Analysis for "The Whitsun Weddings" By Philip Larkin?
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Would anybody happen to know or have an analysis for the poem called "The Whitsun Weddings" By Philip Larkin? Or know the techniques within this poem?
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I imagine it will not be easy for someone young and (probably) American to relate to this poem as it is quintessentially English. Whitsun weddings - I think there were tax reasons for so many marriages at a particular time of year (there's romance for you!) - possibly lasted up till the early 1960s but certainly not far beyond. I am not going to attempt an analysis here for space reasons but if you google 'whitsun weddings analysis' you will find some useful sites. I found a thoughtful and quite detailed one on page 2 of a site called Philip Larkin / Whitsun Wedding Comments.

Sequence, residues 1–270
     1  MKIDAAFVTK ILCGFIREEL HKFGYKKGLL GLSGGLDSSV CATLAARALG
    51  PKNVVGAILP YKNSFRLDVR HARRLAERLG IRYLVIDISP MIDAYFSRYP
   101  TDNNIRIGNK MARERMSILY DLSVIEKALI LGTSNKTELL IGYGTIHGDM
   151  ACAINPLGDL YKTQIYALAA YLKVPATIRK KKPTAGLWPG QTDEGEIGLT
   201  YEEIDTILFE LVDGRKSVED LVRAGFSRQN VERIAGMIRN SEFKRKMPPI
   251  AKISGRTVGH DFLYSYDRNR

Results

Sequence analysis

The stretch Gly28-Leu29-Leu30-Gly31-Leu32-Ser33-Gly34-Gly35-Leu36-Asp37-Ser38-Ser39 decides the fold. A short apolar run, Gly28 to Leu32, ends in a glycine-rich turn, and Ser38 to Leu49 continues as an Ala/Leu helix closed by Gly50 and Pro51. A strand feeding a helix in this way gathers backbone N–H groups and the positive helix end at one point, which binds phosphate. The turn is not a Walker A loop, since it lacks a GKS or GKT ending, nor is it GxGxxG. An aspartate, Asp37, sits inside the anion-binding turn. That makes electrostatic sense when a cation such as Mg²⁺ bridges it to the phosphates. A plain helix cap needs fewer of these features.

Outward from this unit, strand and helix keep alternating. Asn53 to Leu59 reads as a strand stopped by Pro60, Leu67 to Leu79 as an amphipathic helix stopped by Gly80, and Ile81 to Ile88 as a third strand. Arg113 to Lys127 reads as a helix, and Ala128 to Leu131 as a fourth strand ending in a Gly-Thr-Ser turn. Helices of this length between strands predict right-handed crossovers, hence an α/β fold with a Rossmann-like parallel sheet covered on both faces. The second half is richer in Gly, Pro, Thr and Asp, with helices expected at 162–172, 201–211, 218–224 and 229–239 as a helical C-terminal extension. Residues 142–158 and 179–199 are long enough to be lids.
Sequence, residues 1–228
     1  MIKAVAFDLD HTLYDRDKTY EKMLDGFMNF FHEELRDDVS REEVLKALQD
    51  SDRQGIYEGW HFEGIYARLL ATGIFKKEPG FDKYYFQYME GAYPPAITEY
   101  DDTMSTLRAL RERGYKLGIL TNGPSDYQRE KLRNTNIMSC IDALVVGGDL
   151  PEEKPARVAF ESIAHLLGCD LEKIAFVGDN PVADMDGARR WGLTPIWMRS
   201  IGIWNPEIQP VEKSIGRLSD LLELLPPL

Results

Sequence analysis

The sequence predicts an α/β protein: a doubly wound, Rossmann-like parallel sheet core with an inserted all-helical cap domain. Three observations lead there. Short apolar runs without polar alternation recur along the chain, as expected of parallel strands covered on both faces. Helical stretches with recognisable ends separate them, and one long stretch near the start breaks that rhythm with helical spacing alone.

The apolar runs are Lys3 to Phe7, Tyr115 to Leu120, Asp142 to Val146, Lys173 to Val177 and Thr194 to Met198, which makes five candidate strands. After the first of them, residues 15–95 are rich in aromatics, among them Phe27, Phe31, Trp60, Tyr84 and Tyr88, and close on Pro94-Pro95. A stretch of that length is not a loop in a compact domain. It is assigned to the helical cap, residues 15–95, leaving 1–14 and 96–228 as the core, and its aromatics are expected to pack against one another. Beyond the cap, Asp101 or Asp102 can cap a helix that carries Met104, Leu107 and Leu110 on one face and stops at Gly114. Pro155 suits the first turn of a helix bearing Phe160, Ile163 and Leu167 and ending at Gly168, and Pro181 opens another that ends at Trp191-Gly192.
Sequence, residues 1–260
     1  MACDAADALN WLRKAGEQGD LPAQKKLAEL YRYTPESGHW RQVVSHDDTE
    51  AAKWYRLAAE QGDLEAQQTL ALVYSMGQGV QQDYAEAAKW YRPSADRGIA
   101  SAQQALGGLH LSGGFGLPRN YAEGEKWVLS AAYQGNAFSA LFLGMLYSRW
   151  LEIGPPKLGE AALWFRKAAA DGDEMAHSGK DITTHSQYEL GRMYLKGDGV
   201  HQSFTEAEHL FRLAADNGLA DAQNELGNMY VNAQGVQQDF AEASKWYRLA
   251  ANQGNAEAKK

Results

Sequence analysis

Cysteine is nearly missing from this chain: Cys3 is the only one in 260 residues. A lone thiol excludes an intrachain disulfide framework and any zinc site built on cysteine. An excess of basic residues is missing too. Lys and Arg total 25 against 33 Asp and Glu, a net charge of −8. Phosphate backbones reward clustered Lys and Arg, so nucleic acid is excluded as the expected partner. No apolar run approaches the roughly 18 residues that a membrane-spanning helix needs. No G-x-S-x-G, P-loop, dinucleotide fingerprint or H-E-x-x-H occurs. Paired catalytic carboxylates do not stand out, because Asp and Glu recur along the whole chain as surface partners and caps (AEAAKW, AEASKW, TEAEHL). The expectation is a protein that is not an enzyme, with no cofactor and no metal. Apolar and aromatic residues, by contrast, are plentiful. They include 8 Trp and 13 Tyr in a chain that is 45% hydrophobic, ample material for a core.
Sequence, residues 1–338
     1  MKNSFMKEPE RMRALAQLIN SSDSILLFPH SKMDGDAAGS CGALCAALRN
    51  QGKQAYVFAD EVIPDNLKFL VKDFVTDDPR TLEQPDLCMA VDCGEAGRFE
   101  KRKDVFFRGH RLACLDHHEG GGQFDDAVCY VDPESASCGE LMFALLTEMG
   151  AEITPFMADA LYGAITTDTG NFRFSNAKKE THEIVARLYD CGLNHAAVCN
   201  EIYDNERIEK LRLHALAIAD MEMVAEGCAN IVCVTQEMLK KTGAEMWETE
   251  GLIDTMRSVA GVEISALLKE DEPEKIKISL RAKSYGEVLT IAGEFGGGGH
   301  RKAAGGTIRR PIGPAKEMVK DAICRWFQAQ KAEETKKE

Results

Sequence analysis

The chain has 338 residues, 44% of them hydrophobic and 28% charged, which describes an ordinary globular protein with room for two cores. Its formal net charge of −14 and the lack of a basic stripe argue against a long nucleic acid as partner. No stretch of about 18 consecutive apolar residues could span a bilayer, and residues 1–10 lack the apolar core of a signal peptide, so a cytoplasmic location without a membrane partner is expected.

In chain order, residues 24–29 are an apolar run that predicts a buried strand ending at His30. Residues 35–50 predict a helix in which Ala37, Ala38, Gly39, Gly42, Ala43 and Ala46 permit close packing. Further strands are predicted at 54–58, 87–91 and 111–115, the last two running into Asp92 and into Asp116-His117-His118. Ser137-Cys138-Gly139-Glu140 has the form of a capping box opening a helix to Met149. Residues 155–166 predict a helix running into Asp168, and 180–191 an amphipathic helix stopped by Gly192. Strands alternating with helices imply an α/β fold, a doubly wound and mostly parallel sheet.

My own feeling about the poem is that, beyond all the sensuous imagery and the apparently happy, jolly occasions that all these marriages and new lives now revel in, there is an underlying sense of pessimism, that somehow these weddings mark a watershed, a transition to a stage of life that will now proceed towards death. Look for the subtle references to this, even the apparently frivolous 'I nearly died', which presumably one of the girls says in reference to some embarrassing moment during the ceremony.
I hope you enjoy the poem eventually: it takes a bit of work but I think you'll find the sensuous description and the poet's detached wistfulness worth it.
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